4 Jan. 46

Commander-in-Chief of the Army, and not of the army group, who exercised executive power. Signed: Von Brauchitsch."
There follows:
"Supplement to the statement of 7 November 1945: "When Hitler had made a decision to support the realization of his political objectives through military pressure or through the application of military force, the Commander-in-Chief of the Army, if he was at all involved, ordinarily first received an appropriate oral briefing or an appropriate oral command. Operational and deployment plans were next worked out in the OKH. After these plans had been presented to Hitler, generally by word of mouth, and had been approved by him, there followed a written order from the OKW to the three branches of the Armed Forces. In the meanwhile the OKH began to transmit the operational and deployment plans to the army groups and armies involved.

"Details of the operational and deployment plans were discussed by the OKH with the commanders-in-chief of the army groups and armies and with the chiefs of staff of these commanders, During the operations the OKH maintained a constant exchange of ideas with the army groups by means of telephone, radio, and courier. The Commander-in-Chief of the Army used every opportunity to maintain a personal exchange of ideas with the commanders of army groups, armies, and lower echelons by means of personal visits to them.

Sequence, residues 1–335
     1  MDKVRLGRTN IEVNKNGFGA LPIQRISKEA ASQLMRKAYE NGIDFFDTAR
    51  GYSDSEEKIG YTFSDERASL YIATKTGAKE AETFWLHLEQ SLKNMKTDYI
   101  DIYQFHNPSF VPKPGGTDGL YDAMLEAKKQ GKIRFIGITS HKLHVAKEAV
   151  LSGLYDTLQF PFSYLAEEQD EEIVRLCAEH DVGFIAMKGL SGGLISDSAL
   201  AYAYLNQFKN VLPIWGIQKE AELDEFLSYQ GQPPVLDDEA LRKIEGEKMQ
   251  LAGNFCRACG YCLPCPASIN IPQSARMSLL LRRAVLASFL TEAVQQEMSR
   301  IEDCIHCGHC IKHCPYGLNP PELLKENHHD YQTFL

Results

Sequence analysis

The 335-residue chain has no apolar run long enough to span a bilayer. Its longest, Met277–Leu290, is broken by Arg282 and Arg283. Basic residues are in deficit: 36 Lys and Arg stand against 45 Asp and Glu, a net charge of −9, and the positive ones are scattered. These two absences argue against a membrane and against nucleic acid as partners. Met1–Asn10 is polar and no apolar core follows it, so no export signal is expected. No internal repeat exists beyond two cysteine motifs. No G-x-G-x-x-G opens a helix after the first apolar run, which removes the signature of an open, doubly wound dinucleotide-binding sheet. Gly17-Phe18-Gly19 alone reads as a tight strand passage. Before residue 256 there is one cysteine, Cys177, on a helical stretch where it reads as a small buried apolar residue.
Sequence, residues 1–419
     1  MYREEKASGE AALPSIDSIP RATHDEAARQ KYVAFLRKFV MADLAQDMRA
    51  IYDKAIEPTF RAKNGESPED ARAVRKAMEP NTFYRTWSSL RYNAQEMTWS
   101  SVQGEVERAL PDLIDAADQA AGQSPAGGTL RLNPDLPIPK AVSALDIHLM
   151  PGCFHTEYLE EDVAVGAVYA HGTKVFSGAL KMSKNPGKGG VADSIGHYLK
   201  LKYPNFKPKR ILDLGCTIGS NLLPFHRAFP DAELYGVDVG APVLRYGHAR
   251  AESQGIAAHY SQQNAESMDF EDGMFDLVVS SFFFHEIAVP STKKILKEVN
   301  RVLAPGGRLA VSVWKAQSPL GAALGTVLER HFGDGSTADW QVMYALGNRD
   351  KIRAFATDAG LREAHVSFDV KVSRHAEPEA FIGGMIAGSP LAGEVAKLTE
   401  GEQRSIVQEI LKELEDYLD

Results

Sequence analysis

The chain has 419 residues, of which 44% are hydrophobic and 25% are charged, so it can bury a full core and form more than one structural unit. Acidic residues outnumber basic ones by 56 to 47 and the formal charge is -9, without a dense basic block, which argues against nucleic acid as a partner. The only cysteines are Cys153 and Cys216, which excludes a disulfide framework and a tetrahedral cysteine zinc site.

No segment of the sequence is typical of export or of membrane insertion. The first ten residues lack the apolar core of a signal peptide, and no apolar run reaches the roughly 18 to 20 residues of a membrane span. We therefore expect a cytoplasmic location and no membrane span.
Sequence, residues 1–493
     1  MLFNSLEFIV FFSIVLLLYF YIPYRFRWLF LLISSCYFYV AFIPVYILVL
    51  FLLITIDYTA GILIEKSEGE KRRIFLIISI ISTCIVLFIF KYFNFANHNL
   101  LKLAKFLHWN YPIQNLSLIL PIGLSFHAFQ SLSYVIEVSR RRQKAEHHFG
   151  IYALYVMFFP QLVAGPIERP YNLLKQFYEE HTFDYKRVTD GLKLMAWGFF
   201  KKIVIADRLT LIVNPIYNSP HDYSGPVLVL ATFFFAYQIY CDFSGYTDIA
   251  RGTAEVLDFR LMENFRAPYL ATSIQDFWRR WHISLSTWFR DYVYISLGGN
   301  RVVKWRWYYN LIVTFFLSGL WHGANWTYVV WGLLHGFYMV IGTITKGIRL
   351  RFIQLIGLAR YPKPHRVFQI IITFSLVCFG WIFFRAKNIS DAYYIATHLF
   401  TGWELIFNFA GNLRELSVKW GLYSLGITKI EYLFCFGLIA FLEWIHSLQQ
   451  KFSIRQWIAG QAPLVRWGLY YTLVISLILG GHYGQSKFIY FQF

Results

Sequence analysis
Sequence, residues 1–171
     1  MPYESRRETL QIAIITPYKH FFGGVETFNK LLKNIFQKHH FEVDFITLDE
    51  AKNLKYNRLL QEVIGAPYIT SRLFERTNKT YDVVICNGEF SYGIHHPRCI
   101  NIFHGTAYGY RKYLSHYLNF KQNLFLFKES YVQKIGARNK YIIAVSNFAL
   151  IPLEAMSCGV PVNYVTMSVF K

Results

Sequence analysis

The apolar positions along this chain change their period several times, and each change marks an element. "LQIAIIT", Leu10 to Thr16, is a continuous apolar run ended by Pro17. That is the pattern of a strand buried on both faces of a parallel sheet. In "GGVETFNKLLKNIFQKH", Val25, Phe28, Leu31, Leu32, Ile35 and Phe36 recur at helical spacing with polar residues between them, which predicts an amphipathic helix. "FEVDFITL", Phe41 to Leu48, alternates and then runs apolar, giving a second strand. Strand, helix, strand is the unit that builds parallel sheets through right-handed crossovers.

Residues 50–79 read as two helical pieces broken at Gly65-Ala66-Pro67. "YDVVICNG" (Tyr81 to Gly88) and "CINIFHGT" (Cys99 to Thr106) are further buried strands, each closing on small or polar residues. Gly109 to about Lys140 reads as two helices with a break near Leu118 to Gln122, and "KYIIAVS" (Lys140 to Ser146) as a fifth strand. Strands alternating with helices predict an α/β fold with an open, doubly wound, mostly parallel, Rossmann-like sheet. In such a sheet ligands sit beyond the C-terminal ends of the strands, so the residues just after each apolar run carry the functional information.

"In the war against Russia the commanders of army groups and armies were individually and repeatedly called in by Hitler for report. Orders for all operational matters went from the OKH to army groups, and for all matters concerning supply and territorial executive power from the OKH directly to the armies. Signed: Von Brauchitsch."
The Oberbefehlshaber in the field, therefore — and in the case of the Army that means the commanders-in-chief of army groups and armies — participated in planning and directing the execution of the plans, as those affidavits show. The Oberbefehlshaber were also the repositories of general executive powers in the areas in which their army groups and armies were operating. In this connection I invite the Court's attention to Document 447-PS, which is already in evidence as Exhibit Number USA-135, this being a directive of 13 March 1941 signed by Keitel and issued by the Supreme Command of the Armed Forces. This directive sets out various regulations for the operations against the Soviet Union which were actually begun a few months later on 22 June. The documents, Your Honor, are in numerical order in Document